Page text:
I always said that it would never happen to me. It wasn't an option, even. It's what my wife said as well -- significant since she was a child of divorce. Not me, however. I had great parents and a strong family. I had a good church and good friends. We've been separated over a year now and divorced for about a month. During this time I've had many opportunities to reflect on what happened and why. Here's what I've come up with so far -- both to satisfy your curiosity and hopefully help others avoid it.
Prior to our marriage I was heavily involved in Promise Keepers at my church. I went every year for maybe six years and also went to the big Stand in the Gap rally in DC. I was also involved with my church's men's ministry, as well as the youth and other ministries. At this point, the best I can do is associate it with attending many football camps and reading many books on football. I had the academic knowledge down fairly well, I thought. I thought that I'd be so prepared that when I did get married I'd be able to hit the field running, so to speak.
Let's stick with the football analogy. It works for me, anyway!
Prior to getting married I studied all the plays and strategies, and was familiar with all of the exercises and work-outs involved. I had a pretty good understanding of what it took to play football (don't forget -- it's an analogy!). After our engagement, I let some of my discipline slip. I didn't spend as much time in the Word. I was not a spiritual leader. I let her dictate too much of such things. In short, I didn't put into practice what I had learned. I took it for granted, I guess, and still figured that I knew enough to be a starting quarterback.
After our marriage, I still had that confidence, but did very little in the way of practicing and working out. I didn't assert leadership -- seldom anyway -- because it was often met with resistance. I can't speak to why -- I can only speak to me. But probably the biggest problem was that I let a bad habit linger on into my marriage. What it is isn't important -- suffice it to say that it was not beneficial to my marriage. In fact, it was quite counterproductive and detrimental.
We went to counseling often. Call it "meetings with the coach." But more often than not the focus was turned onto the other person rather than internally. It's like a player telling the other players what they're doing wrong rather than focusing on their own game. It breeds animosity and divisiveness and accomplishes nothing good.
Throughout our short yet long five years, there were many things I did wrong or could have done better. I knew that. But didn't do anything to address them. Well, I did -- off and on. But never enough too really full-out address the problem.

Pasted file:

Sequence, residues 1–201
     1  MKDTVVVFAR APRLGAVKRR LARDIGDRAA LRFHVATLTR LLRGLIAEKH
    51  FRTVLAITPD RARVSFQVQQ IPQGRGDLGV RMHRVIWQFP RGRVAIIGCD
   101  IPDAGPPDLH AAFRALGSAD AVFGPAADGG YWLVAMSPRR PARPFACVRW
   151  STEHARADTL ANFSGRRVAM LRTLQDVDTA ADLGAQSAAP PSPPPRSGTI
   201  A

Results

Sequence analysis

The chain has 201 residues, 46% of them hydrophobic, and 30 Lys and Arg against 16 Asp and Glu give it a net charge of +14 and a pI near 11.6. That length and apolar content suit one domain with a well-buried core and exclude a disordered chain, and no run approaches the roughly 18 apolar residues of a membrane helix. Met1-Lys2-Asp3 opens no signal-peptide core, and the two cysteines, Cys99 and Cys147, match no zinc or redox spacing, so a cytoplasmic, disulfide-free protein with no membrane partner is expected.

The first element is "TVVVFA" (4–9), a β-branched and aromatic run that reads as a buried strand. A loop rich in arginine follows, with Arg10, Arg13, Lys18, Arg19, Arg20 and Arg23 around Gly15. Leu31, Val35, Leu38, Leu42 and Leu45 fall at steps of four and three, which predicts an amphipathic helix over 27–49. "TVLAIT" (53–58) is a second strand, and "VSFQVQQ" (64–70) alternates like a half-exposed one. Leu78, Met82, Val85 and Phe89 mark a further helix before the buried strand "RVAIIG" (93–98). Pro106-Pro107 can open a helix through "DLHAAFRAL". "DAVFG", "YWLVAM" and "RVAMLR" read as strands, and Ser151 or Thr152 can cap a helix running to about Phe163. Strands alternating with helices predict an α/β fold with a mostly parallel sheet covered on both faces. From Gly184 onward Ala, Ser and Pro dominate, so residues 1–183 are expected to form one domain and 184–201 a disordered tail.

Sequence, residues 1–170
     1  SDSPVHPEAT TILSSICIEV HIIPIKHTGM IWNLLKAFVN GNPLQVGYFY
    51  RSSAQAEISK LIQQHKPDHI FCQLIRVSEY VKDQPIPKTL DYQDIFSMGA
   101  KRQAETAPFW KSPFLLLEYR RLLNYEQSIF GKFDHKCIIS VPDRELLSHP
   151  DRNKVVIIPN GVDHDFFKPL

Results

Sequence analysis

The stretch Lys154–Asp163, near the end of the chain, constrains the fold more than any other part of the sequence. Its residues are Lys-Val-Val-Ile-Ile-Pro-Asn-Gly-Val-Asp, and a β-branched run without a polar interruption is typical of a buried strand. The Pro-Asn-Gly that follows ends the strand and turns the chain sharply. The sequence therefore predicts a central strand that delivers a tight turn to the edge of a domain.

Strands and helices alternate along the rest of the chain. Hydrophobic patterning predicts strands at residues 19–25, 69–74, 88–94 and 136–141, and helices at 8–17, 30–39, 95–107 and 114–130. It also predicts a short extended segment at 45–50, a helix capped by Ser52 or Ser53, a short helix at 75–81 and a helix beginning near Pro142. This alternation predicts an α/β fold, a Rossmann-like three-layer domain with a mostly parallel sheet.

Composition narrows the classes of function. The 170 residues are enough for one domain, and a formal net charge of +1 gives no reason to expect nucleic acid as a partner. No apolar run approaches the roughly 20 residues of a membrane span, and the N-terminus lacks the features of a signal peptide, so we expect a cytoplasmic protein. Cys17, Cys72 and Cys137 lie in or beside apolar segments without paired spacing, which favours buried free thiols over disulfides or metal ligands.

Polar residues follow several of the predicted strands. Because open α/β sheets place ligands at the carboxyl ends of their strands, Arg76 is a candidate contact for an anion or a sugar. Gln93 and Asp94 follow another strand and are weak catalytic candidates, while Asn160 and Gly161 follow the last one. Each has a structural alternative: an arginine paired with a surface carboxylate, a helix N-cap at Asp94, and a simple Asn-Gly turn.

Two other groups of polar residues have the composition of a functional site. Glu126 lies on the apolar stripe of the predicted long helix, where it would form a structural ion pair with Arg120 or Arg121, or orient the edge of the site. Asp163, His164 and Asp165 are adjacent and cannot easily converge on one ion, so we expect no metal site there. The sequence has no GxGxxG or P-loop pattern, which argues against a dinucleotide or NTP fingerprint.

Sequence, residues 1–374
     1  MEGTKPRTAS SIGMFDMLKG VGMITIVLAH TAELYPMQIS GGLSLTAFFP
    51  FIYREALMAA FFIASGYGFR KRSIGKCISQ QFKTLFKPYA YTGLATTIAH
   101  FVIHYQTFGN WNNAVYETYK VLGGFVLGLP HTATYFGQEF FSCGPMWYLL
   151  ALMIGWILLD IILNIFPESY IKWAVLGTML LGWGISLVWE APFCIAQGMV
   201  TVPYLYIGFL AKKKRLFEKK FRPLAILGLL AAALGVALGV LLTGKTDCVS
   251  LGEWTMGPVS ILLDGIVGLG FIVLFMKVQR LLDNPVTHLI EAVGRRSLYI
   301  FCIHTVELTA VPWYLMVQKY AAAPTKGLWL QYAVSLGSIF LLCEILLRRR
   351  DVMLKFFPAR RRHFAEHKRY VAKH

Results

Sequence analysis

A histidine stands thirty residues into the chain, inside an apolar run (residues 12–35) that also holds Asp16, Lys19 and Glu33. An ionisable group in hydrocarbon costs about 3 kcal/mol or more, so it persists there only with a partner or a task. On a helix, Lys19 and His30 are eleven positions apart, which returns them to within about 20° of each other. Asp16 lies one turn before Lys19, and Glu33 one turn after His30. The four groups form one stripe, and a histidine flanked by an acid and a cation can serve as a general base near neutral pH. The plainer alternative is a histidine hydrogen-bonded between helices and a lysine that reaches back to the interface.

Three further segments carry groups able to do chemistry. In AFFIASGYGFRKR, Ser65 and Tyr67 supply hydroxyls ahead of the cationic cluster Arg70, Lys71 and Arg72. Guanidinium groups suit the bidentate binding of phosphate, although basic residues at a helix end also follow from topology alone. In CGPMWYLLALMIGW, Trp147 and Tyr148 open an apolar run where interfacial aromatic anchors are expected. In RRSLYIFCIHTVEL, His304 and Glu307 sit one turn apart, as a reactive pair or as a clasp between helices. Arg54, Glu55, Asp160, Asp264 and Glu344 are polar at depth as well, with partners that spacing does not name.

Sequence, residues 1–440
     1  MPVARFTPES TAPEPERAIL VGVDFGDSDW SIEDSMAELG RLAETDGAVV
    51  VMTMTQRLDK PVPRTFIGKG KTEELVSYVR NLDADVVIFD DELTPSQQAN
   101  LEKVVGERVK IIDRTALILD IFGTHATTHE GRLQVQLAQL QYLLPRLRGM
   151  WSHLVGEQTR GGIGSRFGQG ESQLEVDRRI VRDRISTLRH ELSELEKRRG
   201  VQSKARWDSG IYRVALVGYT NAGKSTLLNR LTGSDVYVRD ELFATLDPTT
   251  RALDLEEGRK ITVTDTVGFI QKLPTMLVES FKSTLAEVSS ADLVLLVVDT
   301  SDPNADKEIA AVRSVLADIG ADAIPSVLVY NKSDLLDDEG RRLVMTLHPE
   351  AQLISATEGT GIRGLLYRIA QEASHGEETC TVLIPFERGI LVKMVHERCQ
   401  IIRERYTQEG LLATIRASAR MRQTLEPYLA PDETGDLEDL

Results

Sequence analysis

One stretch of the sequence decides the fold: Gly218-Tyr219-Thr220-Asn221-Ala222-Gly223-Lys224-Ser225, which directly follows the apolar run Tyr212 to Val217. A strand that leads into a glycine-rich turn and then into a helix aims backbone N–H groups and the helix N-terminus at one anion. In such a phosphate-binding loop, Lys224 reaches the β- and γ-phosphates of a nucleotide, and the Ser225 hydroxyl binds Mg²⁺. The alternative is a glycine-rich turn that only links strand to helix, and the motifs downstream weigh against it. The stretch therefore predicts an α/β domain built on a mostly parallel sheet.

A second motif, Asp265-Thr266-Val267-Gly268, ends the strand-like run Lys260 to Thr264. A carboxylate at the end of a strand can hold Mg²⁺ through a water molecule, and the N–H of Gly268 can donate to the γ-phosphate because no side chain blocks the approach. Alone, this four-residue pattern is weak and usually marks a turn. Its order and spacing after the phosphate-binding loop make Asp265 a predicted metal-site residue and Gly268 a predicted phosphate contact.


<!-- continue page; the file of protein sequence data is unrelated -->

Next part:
So -- now we have a quarterback who brought into the game a bad habit that distracts him from his game, who does not take sufficient leadership -- despite the resistance, who does not put himself into practice and preparation, who does not seek the advice or input of the coach, and who failed to fully address problems in his game. Sounds like Ryan Leaf or someone like that to me. Lots of potential. Little payoff.
Now I'm not saying that it's all my fault. Far from it. But as the man -- as the spiritual leader -- I must take full responsibility. As a team -- you can't have an offense without a defense, and vice versa. Both parties are needed. Needed.
Ultimately, it all fell apart. And, from my perspective, it was an opening that had been anticipated. Probably not consciously, but it was certainly pounced upon.
So -- lest I ramble on, which I have a bad habit of doing -- the morale? You are never ready for marriage. A wedding is an event. To marry is an action. Marriage is a process. It requires a great deal of commitment and pain. The quarterback, the husband, has to be able to take hits -- both from his spouse (it happens), his friends, society, and, of course, the devil. He has to listen to his coach -- God. He has to immerse himself in the game plans -- the Bible. He can never get complacent and think that because he's read all the books he's got it made. Or that because he was a great high school quarterback (boyfriend) he'll be a great pro quarterback (husband).
The great ones always practice and are never satisfied. They are consummate leaders, even if it means temporary strife with his teammates. And they will take a shot for the team. They'll sacrifice their body for a win. "They" are not important -- only the team.
So.. there's certainly more to my divorce than stated here. There was no adultery on my part. There was no violence. There was none of the "big stuff". But it's seldom the big stuff that does someone in. It's the little things.
And when the quarterback fails -- no matter how much he is at fault -- the team pays. That's the hardest part. I love my kids more than anything. If it's possible to love them too much -- I do. And now I only see them every other weekend. 52 days a year. Out of 365. I'm supposed to be able to talk to them in the evenings, but there's issues there. I'm supposed to be able to see them on Thursdays, but there's issues there as well.
The devil knows where to hit us where it hurts the most. And where it leaves the most damage. It is definitely avoidable. But it takes a team, and it takes a humble team leader -- one who listens and follows what the coach preaches.